In December, 1873, the town was incorporated under the name of Toisnot,[3] an Indian name used to identify a swamp which is located to the west of the town. The new town grew up quickly. In 1874, Harris Winstead built the town's first hotel.[4] Residential and commercial development of the town followed hard on the heels of the construction of the Winstead Hotel. Some houses were moved from the vicinity of Joyner's Depot to the new town,[5] but far more new houses were built than moved. Watson, the author of The History of Toisnot-Elm City, described the development of the town: "The town was built very rapidly and, since timber was so cheap and much of it was secured within the corporate limits, every home was built of wood and mostly of one story type."[6] A post office and a depot were constructed in the center of town.[7] The first church was the Methodist Episcopal Church, built circa 1873 on the northeast corner of Pender Street and Church Street which is presently used by the Primitive Baptist Congregation.[8] Four other churches, including the Primitive Baptist Church, the First Baptist, the Missionary Baptist (white and black congregations) and Johnson Chapel Baptist churches were established within fifteen years of the town's incorporation.[9]

The citizens of Toisnot, like those in Wilson, were interested in the establishment of superior schools. Judge Howard donated a double lot on the corner of Branch Street and Wilson Street for a school building.[10] Another school was established on the lot on Church Street given to two fraternal organizations.[11] Both the Toisnot Female School and the Toisnot Graded School existed by 1884.[12]

In the same year the town acquired the Cedar Grove property which now serves as the town cemetery.[13] A plan showing all the streets and property lines within the town limits was drawn in July, 1884.[14] Unfortunately for the town's ambitions a major fire devastated the business district in November, 1884. Over $17,800 worth of property was lost, but the Wilson Advance stated "We have great confidence, however, in the enterprise and progress of Toisnot and expect to see handsome brick stores erected before many months on the site of the old buildings."[15] The commercial section was indeed rebuilt in brick and many of the brick stores which still stand in Elm City date from this period. The first commercial building constructed in town is said to have been a barroom, but soon the town boasted a variety of establishments: a sawmill, stables, a coach maker, a boarding house, an undertaker, a blacksmith, a bowling alley and an ice house.[16] Elm and oak trees were planted along the streets[17] and such ambitious residences as the Bailey-Harrelson House (SW corner Anderson and Nash Streets) and the Winstead House (SW corner Main and Anderson Streets) were built.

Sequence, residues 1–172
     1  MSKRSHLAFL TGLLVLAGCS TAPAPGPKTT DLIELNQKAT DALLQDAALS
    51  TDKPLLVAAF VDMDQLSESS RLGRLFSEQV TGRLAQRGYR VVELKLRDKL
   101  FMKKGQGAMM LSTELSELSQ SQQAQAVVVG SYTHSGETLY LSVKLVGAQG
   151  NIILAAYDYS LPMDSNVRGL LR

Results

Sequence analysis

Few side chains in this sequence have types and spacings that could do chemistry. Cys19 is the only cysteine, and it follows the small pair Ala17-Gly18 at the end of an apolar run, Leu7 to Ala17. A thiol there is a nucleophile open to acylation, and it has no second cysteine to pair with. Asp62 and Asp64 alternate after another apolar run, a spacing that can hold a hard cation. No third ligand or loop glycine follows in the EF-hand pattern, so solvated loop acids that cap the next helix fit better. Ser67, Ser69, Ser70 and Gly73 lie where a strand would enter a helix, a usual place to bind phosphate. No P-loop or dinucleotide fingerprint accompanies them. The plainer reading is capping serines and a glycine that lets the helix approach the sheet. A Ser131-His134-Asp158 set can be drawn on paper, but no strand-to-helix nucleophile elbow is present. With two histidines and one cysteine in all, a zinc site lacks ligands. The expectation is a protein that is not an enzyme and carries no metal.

The 1890s was a decade of expansion for all of Wilson County as well as Toisnot. A controversy over the town's name began during the summer of 1890. John S. Pridgen suggested that the name be changed from Toisnot to Elm City because of the lovely shade trees. After several changes the town was permanently christened "Elm City" in 1913.[18] The town's population showed a steady increase in the late nineteenth and early twentieth centuries, as was the case of most of the towns in the county situated on a railroad line. In 1890 the population was 525 and it increased in six years to 800.[19] By 1910 the population had increased to 1,200, close to the 1970 estimate.[20]

Two more churches, the First Presbyterian Church[21] and Holy Trinity (Episcopal) Church,[22] were organized and constructed in the early years of the century as was the Elm City Opera House (SE corner Main and Anderson Streets). One reason for the physical expansion of the town was the availability of local financing. The Elm City Bank and Toisnot Banking Company were both organized at the turn of the century and provided much encouragement for local building projects. Industry, particularly in the form of building supplies, also formed an important segment of the town's economy. By 1902 John L. Bailey's Toisnot Improvement Company was manufacturing brick locally.[23] Lumber was also vital to the local economy. Rock Ford Manufacturing Company and the Dennis Simmons Lumber Company were both established circa 1907.[24] The increased pressures of industry and a growing population forced the town to face the fact that improved municipal services were in order. The first waterworks was powered by a windmill[25] and in the early years of this century the electric lights were used only at night, the generator being turned on at dusk and switched off at midnight.[26] Dr. E.G. Moore, a local physician, established a sanitorium on Branch Street,[27] providing the first hospital facility outside the county seat. The town continued to place a priority on excellent schools and on July 20, 1904, a contract for a fine new school was awarded to John C. Stout, an experienced Wilson architect.[28]